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As Alanb has suggested if you fitted a Vanbitz battery master it would enable your starter battery to be kept charged up both when on EHU (via the mains charger charging the leisure battery) and through the solar power charging of the leisure battery. It is easy to fit , not very expensive , would not need disconnection when starting and  works well.

The Vanbitz website explains its battery master operation  and it can be fitted direct to your batteries without needing to involve your 12v electrical system or its PSU /fusebox

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Thankyou AlanB, Robinhood and Labby,

I was just following the method shown in the MMM magazine by there electrical Guru, Mr Mott.

there are lots of options with battery types and charging regimes, but remember the leisure bat is a AGM and the engine a bog standard 12v lead acid (Sealed) and if I connected it to the regulator as the second battery and set the charge regime at 12volt the leisure battery would never receive a full charge and if I set it to AGM?  Why didn't Elddis do it at the build stage?

Yes Labby I have had a battery master fitted on other motorhomes by vanbitz but I was hoping to utilise what is already fitted to the M/home.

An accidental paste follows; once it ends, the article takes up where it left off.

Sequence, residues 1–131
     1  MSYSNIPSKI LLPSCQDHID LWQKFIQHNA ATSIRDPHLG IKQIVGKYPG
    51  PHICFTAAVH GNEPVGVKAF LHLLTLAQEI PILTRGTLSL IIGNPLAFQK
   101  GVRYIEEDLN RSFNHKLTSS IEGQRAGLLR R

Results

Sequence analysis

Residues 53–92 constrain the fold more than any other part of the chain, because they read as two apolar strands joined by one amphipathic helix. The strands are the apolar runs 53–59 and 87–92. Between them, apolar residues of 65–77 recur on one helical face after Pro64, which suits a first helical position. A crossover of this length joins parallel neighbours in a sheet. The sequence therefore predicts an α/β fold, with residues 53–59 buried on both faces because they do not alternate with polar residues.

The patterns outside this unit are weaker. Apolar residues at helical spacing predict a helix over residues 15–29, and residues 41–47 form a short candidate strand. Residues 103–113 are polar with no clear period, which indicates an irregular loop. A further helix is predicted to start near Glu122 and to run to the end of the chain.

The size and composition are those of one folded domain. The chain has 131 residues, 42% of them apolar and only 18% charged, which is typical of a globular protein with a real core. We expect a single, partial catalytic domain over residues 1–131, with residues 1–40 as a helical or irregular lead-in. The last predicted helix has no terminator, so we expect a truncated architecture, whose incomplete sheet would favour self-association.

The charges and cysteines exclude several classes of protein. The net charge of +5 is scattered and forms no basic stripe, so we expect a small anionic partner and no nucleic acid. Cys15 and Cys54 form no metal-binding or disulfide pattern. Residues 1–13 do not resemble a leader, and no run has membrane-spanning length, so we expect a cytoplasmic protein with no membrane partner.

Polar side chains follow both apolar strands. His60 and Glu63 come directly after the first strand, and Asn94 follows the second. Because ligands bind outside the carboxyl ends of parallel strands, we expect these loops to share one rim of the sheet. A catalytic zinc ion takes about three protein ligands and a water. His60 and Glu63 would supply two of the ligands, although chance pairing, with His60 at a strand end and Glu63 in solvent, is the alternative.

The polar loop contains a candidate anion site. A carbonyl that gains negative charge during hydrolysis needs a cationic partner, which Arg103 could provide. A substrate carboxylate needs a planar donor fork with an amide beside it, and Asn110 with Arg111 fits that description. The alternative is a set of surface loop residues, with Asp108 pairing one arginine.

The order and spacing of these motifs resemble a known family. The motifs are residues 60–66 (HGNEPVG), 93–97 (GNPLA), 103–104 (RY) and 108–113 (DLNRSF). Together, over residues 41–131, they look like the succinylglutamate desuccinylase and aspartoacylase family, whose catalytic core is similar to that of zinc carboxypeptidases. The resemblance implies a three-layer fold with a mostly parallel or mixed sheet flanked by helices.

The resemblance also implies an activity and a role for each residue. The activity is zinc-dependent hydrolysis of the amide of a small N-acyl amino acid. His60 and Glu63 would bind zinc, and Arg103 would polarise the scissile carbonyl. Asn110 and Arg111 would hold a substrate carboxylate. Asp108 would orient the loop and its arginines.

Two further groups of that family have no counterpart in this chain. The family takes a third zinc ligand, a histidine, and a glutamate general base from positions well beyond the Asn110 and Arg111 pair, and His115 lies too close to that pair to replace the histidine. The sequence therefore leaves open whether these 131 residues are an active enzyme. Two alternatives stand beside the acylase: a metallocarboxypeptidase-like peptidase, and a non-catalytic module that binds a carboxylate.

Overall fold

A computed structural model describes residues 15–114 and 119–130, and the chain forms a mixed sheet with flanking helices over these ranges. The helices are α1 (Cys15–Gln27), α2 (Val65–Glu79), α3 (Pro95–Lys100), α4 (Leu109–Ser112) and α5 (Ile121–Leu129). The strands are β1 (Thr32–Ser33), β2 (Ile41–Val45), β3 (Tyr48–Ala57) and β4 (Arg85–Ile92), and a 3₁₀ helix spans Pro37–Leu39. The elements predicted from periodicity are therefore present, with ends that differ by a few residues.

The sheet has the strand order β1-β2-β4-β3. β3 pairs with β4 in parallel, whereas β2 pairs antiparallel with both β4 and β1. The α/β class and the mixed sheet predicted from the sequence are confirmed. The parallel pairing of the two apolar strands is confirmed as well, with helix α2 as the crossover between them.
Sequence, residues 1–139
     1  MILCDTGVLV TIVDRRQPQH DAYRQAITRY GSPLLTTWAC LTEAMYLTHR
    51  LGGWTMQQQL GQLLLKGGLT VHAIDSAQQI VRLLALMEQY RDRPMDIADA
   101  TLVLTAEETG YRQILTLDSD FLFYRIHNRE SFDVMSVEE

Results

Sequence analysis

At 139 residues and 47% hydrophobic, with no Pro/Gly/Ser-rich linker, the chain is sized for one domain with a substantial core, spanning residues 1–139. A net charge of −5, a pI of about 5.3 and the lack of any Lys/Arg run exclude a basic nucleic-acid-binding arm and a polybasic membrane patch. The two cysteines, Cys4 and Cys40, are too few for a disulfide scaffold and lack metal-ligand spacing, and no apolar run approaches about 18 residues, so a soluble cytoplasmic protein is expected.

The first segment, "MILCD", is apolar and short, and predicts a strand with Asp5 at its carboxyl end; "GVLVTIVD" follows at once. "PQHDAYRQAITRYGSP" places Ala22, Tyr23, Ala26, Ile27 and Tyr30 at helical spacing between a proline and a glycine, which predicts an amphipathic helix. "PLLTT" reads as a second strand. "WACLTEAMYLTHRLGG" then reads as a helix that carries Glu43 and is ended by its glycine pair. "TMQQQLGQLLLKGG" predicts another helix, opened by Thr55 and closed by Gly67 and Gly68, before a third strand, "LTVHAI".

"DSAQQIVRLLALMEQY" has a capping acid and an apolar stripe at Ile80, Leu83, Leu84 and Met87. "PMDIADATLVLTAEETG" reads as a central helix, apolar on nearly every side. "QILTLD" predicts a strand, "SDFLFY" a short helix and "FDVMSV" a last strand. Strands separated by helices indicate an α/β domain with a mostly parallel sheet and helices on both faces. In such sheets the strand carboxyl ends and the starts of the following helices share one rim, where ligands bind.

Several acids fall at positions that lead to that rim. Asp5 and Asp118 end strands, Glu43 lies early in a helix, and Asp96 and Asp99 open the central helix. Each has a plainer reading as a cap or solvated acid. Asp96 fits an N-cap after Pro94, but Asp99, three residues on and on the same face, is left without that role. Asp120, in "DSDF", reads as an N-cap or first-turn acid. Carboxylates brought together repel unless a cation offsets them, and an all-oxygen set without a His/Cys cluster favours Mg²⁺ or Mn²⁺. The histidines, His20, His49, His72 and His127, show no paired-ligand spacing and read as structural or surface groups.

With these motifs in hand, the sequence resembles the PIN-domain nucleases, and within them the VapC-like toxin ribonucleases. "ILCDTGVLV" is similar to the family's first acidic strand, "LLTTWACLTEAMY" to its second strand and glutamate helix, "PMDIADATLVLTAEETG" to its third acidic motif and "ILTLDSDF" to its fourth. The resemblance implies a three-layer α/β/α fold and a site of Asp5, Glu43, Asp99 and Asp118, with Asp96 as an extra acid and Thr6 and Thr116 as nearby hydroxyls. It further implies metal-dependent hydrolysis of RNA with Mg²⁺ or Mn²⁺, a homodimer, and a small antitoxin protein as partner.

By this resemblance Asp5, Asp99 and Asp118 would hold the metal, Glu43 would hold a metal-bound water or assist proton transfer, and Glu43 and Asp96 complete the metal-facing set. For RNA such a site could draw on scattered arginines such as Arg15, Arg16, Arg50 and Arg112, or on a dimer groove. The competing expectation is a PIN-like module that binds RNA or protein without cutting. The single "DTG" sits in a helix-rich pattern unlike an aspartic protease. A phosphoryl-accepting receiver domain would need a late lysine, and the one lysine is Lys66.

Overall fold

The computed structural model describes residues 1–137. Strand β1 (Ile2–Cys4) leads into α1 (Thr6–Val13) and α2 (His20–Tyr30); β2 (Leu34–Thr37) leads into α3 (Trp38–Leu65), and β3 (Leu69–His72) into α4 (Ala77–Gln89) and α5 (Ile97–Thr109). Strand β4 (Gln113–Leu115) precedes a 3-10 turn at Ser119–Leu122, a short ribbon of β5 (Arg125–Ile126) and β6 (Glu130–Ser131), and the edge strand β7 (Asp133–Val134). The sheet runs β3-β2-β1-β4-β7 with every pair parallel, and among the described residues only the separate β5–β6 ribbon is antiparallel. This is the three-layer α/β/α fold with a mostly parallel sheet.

Regards   Lenard (Em)

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...but, as I answered above, depending on which Truma regulator you have, this might be eminently possible.

The second battery output on an SDC12/SDC25 regulator is designed to provide a trickle-charge only to a starter battery (maximum of 1 amp). With the battery setting at AGM (for the leisure battery(ies) this will cause no issues for a flooded vehicle battery, and will play its part in keeping the vehicle battery in condition.

(I have a Votronic of similar design and vehicle battery trickle-charge capability, and have used it with AGM leisure batteries with no issues for 5 years - now on Lithium).

From the SDC12/SDC25 instructions:


The earlier SDC10/SDC20 (which you may have) models are slightly more moot, in that the second output is a "full-fat" voltage, which is initially dormant but that the regulator switches to once the battery(ies) being charged on the first output are full. What is surprising from the documentation however (at least the version I've got) is that though they have both an AGM and a Flooded setting (and Gel), the charging regime on these two settings is identical (and probably more aligned with the characteristics of a flooded battery). I might want to raise a query with Truma as to whether that is true, but if so I'd run it on the AGM setting and connect the vehicle battery to the secondary output.  

From the SDC10/SDC20 instructions: 


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  • 3 weeks later...

Hi Robinhood,

So sorry for the delay in replying to your question, The solar regulator is a Truma -  Solar dual battery charger SDC/10, it seems to do all you have highlighted above.

I have ordered a battery master which I know will work ok. I have also ordered a larger 95 amp sealed battery. The long dark knights are upon us now!. 

Many thanks, Lenard (Em)